The prose work of Matthew Arnold, addressed to a more general audience, attempts to suggest to those of his day some relatively public, institutional substitute for the loss of the unifying faith that men once shared, most notably what Arnold called “Culture.” Arnold’s poetry, however, is more personal and ultimately less assured. Virtually all of Arnold’s poetry is the record of his personal search for calm, for objectivity, for somewhere firm to stand.
As a broad generalization, the poem presents the common opposition between appearance and reality; the appearance is the opening six lines, which turn out to be a dream, while the reality of life, which the poet accepts, is the desolate beach and the confused battlefield. The poem also presents the eternal conflict between the wisdom of the heart and the wisdom of the head. The heart is attracted by the pleasant appearance of the view from the window, but the head is forced to take heed of the eternal sound of the surf, which says something entirely different. It is notable in the poem that the poet does not make a clear choice between the two; in fact, he accepts that the world is the way his reason tells him. The problem is how to reconcile these apparently irreconcilable forces. The answer given, tentatively, is that perhaps true love between two people can somehow supply meaning in a world that is still filled with confusion and struggle.
In “Dover Beach,” Arnold is doing two things: chronicling and lamenting the loss of faith and seeking a substitute, here the possibility of human love for another individual. (In other poems, Arnold suggested other substitutes.) Arnold firmly believed that Christianity was dead. His reason and his knowledge and investigation of such mid-Victorian intellectual trends as the Higher Criticism of the Bible and quasi-historical concerns about the historical Jesus had convinced him that a reasonable man could no longer believe in Christianity. Yet Arnold’s heart and instincts told him, not that Christianity ought to survive, but that humankind desires and indeed must have something in which to believe in order to truly live, to be truly human. Humankind wants something which can give force and meaning to life, which the modern world with its science and commercialism cannot supply. Arnold’s best-known expression of this problem is in “Stanzas from the Grande Chartreuse,” where he finds himself “Wandering between two worlds, one dead,/ The other powerless to be born.” The dead world is Christianity, the world powerless to be born is the modern world with its deceptive attractions.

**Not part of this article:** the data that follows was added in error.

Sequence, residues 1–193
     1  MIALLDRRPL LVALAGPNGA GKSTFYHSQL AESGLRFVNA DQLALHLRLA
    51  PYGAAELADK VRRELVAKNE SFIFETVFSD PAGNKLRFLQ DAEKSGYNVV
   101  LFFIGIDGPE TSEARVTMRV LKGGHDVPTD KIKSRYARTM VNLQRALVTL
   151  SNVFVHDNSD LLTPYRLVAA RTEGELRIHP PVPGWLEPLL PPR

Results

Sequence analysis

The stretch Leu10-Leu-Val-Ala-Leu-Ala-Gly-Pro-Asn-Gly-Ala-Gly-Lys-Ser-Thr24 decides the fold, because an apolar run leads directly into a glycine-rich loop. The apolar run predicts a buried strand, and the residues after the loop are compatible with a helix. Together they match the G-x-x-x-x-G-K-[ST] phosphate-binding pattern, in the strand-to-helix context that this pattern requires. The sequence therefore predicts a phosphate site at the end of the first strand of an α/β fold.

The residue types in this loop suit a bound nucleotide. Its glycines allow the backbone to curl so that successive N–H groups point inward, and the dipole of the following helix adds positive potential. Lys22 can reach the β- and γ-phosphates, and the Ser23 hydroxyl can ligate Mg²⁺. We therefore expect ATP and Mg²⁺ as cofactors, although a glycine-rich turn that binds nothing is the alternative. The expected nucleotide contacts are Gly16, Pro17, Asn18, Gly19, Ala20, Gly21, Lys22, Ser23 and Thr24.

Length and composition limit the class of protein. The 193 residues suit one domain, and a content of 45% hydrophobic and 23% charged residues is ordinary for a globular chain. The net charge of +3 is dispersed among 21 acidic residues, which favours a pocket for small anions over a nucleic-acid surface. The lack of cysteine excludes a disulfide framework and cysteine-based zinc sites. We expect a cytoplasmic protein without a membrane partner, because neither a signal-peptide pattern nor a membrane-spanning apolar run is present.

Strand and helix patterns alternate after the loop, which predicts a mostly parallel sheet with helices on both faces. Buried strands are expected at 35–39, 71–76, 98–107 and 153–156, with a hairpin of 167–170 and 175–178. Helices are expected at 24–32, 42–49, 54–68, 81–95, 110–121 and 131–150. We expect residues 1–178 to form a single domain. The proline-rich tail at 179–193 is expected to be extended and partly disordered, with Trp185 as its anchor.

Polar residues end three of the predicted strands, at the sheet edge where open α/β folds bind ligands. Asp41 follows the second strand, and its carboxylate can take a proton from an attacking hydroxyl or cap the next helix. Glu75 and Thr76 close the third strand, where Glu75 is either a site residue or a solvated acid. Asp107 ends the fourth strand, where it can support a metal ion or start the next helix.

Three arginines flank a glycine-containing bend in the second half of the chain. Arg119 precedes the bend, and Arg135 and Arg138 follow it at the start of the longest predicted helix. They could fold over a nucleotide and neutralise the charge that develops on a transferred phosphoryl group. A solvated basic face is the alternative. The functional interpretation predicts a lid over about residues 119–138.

Though on one level one may call “Dover Beach” a love poem, the possibility that human love and communication can somehow make the loss of faith and certitude bearable (because it will not make the world go away) is really given short shrift. The images of sadness, melancholy, and desolation dominate the poem, while the possibility of love gets no more than two short lines. Even those two lines are overwhelmed by the emotional impact and vividness of the final image. The effect of the poem would seem to emphasize that the possibility of love is tentative at best, while the poet cannot seem to purge from his consciousness his horrifying vision of human life.